Thrush isn’t a bacterial infection, like the ones we’ve mentioned above. Instead, it is a yeast infection that is caused by fungus that exists naturally in the body. Around half of women have yeast growing in their vagina, but it’s mostly harmless. However, there may be certain triggers that can cause the yeast to grow too much, which leads to Thrush.
The thrush symptoms for men and women are very different. Women may experience white vaginal discharge that has a very thick consistency. You may also notice itching and irritation in the vaginal area as well as burning during sex
or when you wee.
Some common conditions or products that can cause Thrush include antibiotics, pregnancy and diabetes. Some women have to be careful about the soaps they use, while tight-fitting clothing may also be a contributory factor.
Genital Herpes is another example of an STI that isn’t caused by bacteria. Herpes is a virus and there isn’t currently a cure for it. The most common symptom is sores around the vaginal area. It’s likely that your symptoms will come and go - they may remain dormant for some time, and then flare up. These flare ups usually occur when you drink lots of alcohol, smoke or are stressed. You may be able to prevent your symptoms from worsening by trying to avoid alcohol and cigarettes completely.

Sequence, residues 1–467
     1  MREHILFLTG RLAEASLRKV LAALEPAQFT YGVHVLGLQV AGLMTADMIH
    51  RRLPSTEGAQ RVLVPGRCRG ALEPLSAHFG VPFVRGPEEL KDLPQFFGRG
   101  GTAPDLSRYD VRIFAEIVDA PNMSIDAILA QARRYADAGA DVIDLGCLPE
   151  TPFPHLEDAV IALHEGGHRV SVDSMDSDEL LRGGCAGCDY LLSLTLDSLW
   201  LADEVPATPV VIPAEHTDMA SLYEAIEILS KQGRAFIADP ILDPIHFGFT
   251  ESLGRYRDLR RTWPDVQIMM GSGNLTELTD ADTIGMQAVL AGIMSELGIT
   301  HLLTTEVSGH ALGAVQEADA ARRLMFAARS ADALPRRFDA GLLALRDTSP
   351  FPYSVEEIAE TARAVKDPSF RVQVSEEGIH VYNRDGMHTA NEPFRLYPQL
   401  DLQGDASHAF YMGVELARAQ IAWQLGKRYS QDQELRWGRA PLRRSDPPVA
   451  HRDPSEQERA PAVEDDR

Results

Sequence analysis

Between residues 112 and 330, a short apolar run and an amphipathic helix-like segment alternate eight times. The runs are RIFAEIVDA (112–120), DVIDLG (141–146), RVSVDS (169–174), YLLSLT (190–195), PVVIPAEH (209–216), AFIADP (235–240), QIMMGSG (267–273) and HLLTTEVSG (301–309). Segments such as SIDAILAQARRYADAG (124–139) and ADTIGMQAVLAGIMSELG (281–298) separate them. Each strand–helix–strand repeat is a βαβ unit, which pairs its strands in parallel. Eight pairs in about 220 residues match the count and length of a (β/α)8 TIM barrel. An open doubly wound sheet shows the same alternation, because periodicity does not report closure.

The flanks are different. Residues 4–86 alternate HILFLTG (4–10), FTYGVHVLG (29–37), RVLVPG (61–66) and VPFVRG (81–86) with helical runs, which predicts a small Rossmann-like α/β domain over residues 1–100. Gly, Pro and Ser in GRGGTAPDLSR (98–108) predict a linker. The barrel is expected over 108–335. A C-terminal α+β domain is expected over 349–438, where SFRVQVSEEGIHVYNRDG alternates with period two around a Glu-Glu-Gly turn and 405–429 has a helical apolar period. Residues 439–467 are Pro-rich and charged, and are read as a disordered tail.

If your symptoms worsen, you can speak to your doctor about options that may reduce your symptoms.
Trichomoniasis is another STI, but this type is caused by a parasite called Trichomonas vaginalis. As with all STIs, it’s passed from person to person via unprotected sex. According to the NHS up to half of people don’t experience any symptoms, but you can still pass the infection onto other people.
The symptoms of Trichomoniasis are not dissimilar to those of Chlamydia, but you may also experience less frequent but heavier periods and discharge that is a yellow-green colour. Trichomoniasis can be treated with a course of antibiotics.
What causes a bacterial vaginal infection?
Most of the infections we’ve mentioned above are STIs, which means they can only be passed during sexual contact. With others, such as BV and Thrush, it can be difficult to tell how the infection started. You could make some small lifestyle changes, such as avoiding overly scented washing powder, soaps or sanitary products or tight-fitting clothes or underwear. Consult your doctor for advice if you are unsure.
Your intimate area is sensitive so you need to treat the skin gently. Avoid soaps and body washes that contain colourants or strong fragrances.
Vaginal infection symptoms
Each infection comes with its own symptoms, but we’ve included some of the most notable vaginal infection symptoms below:
● Pain when you have sex
● Pain when you wee
● Unusual discharge (thin, watery, off-white, green, yellow, or foul-smelling)
● Itchiness in or around the vagina
● Pain in your lower tummy
● Bleeding between your periods or after you have sex
● Warts or ulcers around the vulva
● Vaginal itching or soreness
Consult your doctor for advice on the best treatment for you.